It can be hard out there for a resume. Because when yours enters the digital race to reach human hands, it must first beat the bots—which can prove tricky for even the most qualified of candidates if they're not wise to the filtering ways of the Applicant Tracking System (ATS).
Used by 40 per cent of employers to source and screen potential candidates, an ATS is like an inbox gatekeeper that works by scanning resumes for contextual keywords and phrases and mathematically scoring them for relevance. And only about 25% of resumes will score high enough to get through for human review.
Applicant Tracking Systems, however, can also be error-prone. In fact, 62 per cent of organizations that use them admit “some qualified candidates are likely being automatically filtered out of the vetting process by mistake," which makes it even more critical for job seekers to tailor their resume to each position they apply to.
So, take these tips into consideration to SEO your resume like a pro to beat the bots and impress the hiring manger:
What are they?
Keywords are critical to your candidacy; because without them in your resume, the ATS won't find your skills or experience.
Resume keywords are the skills and qualifications used in the original job description that need to be mirrored in your resume.
However, simply using any form of these keywords will not win the robot war. They must be formatted to echo the original job description exactly— to an ATS, there’s a difference between “Microsoft Word,” “MS Word” and “Word.” When it comes to your job description, a “marketing coordinator” will find his or her way into an interview room before a “branding ninja” will even be noticed by the resume robots.
Take away: Tailor your resume to each job you apply to by identifying the keywords from the job description and mirroring them on your resume.
How and where to use keywords
Repetition is required, and keywords used early in your resume are valued higher than those placed lower in the document. Look for areas within your resume for optimization in sections like job responsibilities, accomplishments, education and summary of qualifications. They should be under EACH project that relates to those keywords, and not only in the summary section.
Take away: List keywords multiple times within your resume, but avoid "stuffing" by only using the words where they make sense and are applicable to your experience.
Keyword habits to avoid
Copy and Pasting
You know how you're looking at job descriptions all day? Well, so are recruiters, and they'll be able to tell if you've copied and pasted the job description into your resume. You want to make sure the information is in your own words and that the keywords are incorporated into detailed sentences explaining how they related to your responsibilities OR project.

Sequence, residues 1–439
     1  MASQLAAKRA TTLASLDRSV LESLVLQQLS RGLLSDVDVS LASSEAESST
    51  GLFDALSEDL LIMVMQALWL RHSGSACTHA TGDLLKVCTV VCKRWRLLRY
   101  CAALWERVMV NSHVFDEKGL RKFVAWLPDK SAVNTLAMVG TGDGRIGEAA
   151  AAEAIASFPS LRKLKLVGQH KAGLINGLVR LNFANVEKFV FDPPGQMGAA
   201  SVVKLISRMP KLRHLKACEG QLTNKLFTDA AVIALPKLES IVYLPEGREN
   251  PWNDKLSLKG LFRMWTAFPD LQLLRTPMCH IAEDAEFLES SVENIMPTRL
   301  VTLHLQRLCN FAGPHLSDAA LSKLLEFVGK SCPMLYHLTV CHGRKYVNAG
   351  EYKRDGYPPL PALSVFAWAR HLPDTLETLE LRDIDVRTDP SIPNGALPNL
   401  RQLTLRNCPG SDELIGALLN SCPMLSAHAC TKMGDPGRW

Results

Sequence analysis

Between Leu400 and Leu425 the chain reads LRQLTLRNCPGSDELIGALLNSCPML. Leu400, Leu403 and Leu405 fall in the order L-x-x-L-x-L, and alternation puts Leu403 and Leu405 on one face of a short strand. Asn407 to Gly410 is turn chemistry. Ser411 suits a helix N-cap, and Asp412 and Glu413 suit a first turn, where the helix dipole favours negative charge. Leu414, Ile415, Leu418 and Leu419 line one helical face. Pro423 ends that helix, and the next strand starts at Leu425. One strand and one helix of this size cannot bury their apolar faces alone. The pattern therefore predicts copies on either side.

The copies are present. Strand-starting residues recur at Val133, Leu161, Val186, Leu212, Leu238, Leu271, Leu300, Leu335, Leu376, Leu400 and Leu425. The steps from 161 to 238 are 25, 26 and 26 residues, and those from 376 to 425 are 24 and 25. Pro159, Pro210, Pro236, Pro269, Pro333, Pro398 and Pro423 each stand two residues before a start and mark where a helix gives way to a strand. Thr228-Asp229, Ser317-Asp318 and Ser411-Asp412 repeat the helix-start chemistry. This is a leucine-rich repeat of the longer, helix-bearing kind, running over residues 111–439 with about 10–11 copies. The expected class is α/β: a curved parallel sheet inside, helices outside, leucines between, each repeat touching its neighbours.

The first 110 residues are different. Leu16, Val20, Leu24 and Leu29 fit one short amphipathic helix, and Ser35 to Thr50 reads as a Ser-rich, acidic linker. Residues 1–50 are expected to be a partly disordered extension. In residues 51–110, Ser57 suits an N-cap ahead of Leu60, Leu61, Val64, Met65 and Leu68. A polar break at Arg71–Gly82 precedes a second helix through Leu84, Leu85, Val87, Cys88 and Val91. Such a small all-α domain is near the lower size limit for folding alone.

Using only acronyms
Robots can't connect acronyms to their long form words. So if the job description calls for knowledge of American Standard Code for Information Interchange, highlight this by using the long form and including the abbreviation.
"X years' experience working with American Standard Code for Information Interchange (ASCII)."
Your resume won't be found without keywords, but it will also be dismissed if you've stuffed it with too many or put them in areas where they don't belong.
Include full contact details with postal code
Recruiters use something called a radial search by postal code to find experienced candidates who live closest to the job site first- before drilling down into secondary search methods. This means that if your postal code is missing from your resume, your skills and experience won't turn up in the critical initial search. Ensure your email, phone number and full contact details are listed on each page of your resume.
Remove any headers or footers
Applicant Tracking Systems can't read what's written within headers or footers, so if you've included your contact details within either, your resume won't be found.
Keep a simple format
Similar to headers and footers, an ATS will misread tables, charts and graphs, so the valuable information you've included within them won't be understood either.
Remember, you’re writing your resume for both people and an ATS, and the goal is to optimize the content to rank with the robots first, before impressing under under human scrutiny.